Notice too that Joshua spoke “unto all the people” Josh.24.2. There is a need to teach children in a setting such as a Sunday school or a Children’s Meeting, where the truth can be broken down so that they can digest it. However, when it comes to the ministry of God’s Word the Scriptural pattern is always “unto all the people”. The lessons Joshua outlines in these chapters were wholesome instructions for people of every stage of life. We never should tire of hearing what God has done for us and what He will yet do with us. In a similar way to Joshua, the apostle Paul spoke to the elders from the assembly in Ephesus in Acts chapter 20, which corresponds to Joshua chapter 23, and he also wrote an epistle to the whole assembly at Ephesus, which corresponds to Joshua chapter 24.
The Recollections of History
Joshua’s message from the Lord takes the people back to days beyond the formation of the nation, when Terah and Abram left Ur of the Chaldees. Terah was included in Joshua’s message to remind them of the spiritual condition of their forefathers at the commencement of God’s dealing with the nation. It is important to remember that, no matter for how many generations among the Lord’s people we can trace our family history, we all go back to those who were the subjects of the gracious dealings of God.
Now follows a potted history of God’s dealings with their fathers that encompasses their beginnings in the land of Canaan, their bondage and deliverance from Egypt and their re-entry to the Land and its possession. God reminds them of His power and provision for them: “I have given you a land for which ye did not labour, and cities which ye built not, and ye dwell in them; of the vineyards and oliveyards which ye planted not do ye eat” Josh.24.13. There should be no doubt in the minds of Joshua’s audience that everything they have and enjoy has been given graciously by God. The apostle Paul never lost sight of that same truth: “by the grace of God I am what I am” 1Cor.15.10. This ought to provoke a sense of indebtedness and devotion to God.
The Responsibilities by History
Due regard to the history of multiplied and unmerited mercies from the hand of their God meant that their plain duty was to “fear the Lord, and serve Him in sincerity and in truth: and put away the gods which [their] fathers served on the other side of the flood, and in Egypt; and serve … the Lord” Josh.24.14. There are three principles here that are vital to spiritual success: fear the Lord; serve the Lord; forsake false gods. If, as Joshua feared, there were some among them who still clung to idolatrous practices in secret, they must put away their false gods and worship and serve only Jehovah, Who had done such wonders for them. No alternative existed; either they turn to the true God, Who had blessed them so abundantly, or they serve their false gods, Josh.24.15. He closes his appeal by declaring his own inalienable choice as one who was now at the end of his life and had never swerved in his loyalty to God: “but as for me and my house, we will serve the Lord” v.15.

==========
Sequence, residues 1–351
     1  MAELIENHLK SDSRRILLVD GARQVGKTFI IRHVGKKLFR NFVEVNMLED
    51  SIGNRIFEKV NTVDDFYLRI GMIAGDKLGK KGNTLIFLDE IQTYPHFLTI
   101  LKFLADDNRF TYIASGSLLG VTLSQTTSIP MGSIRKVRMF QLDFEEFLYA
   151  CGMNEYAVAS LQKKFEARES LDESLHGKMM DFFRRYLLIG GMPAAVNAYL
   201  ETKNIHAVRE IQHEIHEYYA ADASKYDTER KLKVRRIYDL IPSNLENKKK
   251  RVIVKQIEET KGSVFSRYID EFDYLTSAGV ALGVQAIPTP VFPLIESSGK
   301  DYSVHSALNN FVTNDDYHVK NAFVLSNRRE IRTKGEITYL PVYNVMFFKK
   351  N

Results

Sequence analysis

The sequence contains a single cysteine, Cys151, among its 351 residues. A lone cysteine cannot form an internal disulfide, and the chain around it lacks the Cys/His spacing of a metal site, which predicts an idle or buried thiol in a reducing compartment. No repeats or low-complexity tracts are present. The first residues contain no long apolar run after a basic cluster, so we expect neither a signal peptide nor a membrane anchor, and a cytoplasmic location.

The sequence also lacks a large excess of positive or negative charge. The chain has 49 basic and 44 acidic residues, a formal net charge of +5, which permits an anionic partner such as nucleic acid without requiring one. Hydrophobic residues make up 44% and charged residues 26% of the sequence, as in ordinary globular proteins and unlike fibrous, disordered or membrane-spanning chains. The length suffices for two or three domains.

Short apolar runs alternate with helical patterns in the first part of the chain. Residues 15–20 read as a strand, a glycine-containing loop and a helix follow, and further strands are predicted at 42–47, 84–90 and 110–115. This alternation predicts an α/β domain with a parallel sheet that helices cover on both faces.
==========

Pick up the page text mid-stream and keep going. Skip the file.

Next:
If any in Israel were to continue in the sin of idolatry, they would be without excuse. They had heard the reminder of what God had done; they had heard the example given by His servant Joshua, so that failure to comply with God’s instruction was to sin in a high-handed way against the light. Their history, as does ours, brought responsibilities towards God. The apostle knew the value of exposition and example when he said to Timothy: “The things which thou hast heard of me among many witnesses, the same commit thou to faithful men, who shall be able to teach others also” 2Tim.2.2, and “Be thou an example [‘model’ J.N.D.] of the believers” 1Tim.4.12.
Joshua’s challenge in Josh.24.15 is very sobering: “if it seem evil unto you to serve the Lord, choose you this day whom ye will serve; whether the gods which your fathers served that were on the other side of the flood, or the gods of the Amorites, in whose land ye dwell.” To Joshua, the service of the Lord and the service of Satan both involve a definite choice. It was not a case of not serving the Lord and just drifting along in a vacuum. If they do not choose to serve the Lord, then they must choose whom they will serve, and the options are limited. They can either serve the false gods that their fathers served in days past, or they can serve the false gods of the people among whom they presently live, the Amorites. Their answer is instantaneous: ‘we cannot serve the gods of our fathers, for the Lord delivered us from them and their bondage in the land of Egypt; nor can we serve the gods of the Amorites for God has defeated them and driven them out of our present land’ Josh.24.16,17. Could we understand this in our day? We cannot go back and serve the gods of our pre-conversion days, from whom we have been delivered by redemption; nor can we serve the gods of the present world, who have been defeated by Divine power. “Little children, keep yourselves from idols. Amen” 1Jn.5.21.
The Recognition of History